Estate Administration- Probate: Expect the Unexpected
Expect the unexpected. Cliche, but when we’re talking about the practice of law, the saying rings true. Our team was recently engaged on an Estate Administration matter that had all of the hallmarks of being “straightforward” – limited financial assets, a home, virtually no debt, and one beneficiary. We went through our standard process of discussing the need to double-check for assets and confirm how they were owned, we stressed the benefits of running a notice to creditors if the beneficiary (who was also the executor) thought she might sell the home owned by the decedent in the near future, and we touched base with the client before and after her qualification as the executor to make sure she hadn’t discovered any additional assets. All was well, and we carried on – business as usual.
Fast forward a few months and, having timely completed the proper filings and verifying there were no unknown creditors of the decedent, we prepared to close the estate. Client emails. She’s trying to sell her personal residence to a third-party. Her closing attorney contacted her and explained that, hidden in the public records, there was an outstanding mortgage on her home, and she was unable to close unless it were paid-off at closing or satisfied. The creditor – her mother. When client purchased her home, her mother had been “the bank” and a Deed of Trust had been filed. There was no information about the loan in mother’s files and client was entirely unaware of how much she still owed, if anything. Due to the passage of time, client did not recall signing the Deed of Trust, but had been paying her mother up until her passing. She only recalled a verbal agreement with her mother that she would keep paying until her mother passed away.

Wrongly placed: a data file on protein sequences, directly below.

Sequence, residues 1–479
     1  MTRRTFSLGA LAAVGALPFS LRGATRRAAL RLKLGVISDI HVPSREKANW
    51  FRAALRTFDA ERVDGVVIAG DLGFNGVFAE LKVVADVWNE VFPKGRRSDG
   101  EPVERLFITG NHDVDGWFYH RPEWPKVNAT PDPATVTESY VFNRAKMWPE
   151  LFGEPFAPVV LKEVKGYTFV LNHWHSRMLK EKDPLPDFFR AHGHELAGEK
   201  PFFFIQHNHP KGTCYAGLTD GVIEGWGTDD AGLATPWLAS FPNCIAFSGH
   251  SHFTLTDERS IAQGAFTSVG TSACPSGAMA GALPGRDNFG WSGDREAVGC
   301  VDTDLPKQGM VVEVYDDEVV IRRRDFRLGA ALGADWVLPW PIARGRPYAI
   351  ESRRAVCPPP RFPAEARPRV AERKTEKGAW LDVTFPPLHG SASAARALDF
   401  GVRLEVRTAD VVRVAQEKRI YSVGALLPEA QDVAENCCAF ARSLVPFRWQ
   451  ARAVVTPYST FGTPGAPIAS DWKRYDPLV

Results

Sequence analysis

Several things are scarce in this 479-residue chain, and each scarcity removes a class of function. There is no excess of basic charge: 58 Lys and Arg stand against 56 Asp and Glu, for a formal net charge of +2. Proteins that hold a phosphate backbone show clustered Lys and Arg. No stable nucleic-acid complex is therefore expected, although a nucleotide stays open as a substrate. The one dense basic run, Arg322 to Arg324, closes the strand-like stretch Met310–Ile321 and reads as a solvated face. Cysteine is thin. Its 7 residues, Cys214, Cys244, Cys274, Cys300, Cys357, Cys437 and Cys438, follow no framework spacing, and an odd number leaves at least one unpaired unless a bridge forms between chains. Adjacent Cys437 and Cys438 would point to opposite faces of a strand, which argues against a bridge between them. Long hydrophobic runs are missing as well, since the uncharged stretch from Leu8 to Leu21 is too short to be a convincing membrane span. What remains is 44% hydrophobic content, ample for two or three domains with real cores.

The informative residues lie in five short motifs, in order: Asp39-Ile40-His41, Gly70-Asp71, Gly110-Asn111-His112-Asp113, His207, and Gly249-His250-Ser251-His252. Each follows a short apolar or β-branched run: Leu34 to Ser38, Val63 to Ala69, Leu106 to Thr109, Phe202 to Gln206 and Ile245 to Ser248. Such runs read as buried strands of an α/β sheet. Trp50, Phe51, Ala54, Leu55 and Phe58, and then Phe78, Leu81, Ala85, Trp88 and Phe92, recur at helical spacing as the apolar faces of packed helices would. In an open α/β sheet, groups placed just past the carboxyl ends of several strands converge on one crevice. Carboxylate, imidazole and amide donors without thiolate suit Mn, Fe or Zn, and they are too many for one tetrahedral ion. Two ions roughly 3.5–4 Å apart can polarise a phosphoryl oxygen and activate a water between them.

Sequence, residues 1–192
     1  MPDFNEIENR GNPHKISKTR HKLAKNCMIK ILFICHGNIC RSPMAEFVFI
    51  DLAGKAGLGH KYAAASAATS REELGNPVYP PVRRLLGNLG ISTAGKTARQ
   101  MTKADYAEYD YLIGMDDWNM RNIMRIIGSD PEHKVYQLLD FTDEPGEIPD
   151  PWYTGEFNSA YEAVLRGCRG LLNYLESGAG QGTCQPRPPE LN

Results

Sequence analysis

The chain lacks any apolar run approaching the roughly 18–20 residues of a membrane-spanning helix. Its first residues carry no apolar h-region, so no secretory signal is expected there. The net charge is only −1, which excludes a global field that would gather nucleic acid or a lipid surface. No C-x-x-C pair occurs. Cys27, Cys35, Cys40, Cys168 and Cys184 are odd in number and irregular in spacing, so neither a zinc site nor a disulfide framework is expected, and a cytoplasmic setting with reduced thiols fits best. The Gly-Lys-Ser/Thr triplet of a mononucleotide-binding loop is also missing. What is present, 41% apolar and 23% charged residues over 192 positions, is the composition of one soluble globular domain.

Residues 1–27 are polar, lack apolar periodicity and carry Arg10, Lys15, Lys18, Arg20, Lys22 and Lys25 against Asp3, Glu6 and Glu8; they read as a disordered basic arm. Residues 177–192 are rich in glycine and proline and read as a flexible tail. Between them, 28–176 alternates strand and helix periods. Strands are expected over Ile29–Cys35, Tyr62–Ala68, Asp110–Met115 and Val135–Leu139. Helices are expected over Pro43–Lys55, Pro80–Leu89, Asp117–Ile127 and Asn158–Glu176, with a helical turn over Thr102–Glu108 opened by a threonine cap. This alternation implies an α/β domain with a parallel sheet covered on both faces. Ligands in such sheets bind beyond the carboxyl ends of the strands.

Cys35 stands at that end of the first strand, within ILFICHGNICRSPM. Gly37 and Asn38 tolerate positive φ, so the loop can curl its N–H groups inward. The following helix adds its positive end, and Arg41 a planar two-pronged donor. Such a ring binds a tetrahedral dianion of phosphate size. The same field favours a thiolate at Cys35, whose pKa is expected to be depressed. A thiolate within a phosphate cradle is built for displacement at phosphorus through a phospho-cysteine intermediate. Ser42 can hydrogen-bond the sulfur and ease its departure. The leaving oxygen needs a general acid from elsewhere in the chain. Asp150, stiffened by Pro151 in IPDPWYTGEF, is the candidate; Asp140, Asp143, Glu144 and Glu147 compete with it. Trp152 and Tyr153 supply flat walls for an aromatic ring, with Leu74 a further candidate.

This outstanding Deed of Trust is an asset of the decedent’s estate. Client, now with hundreds-of-thousands of dollars hanging in limbo, is understandably upset. Her simple question: how can I sell this house without having this closing fall apart?
Fortunately, the estate was still open, and we were able to amend our filings to show the outstanding Deed of Trust. Working with the closing attorney, we were able to determine that client had paid her mother in excess of the original principal value and, though we had no indication of an interest rate, we determined that (at reasonable interest) client had likely paid the loan in full. We completed the necessary filings to document our findings and were able to complete the closing contingencies for our client to sell her home.
Expect the unexpected; calmly address it; and work to resolve it.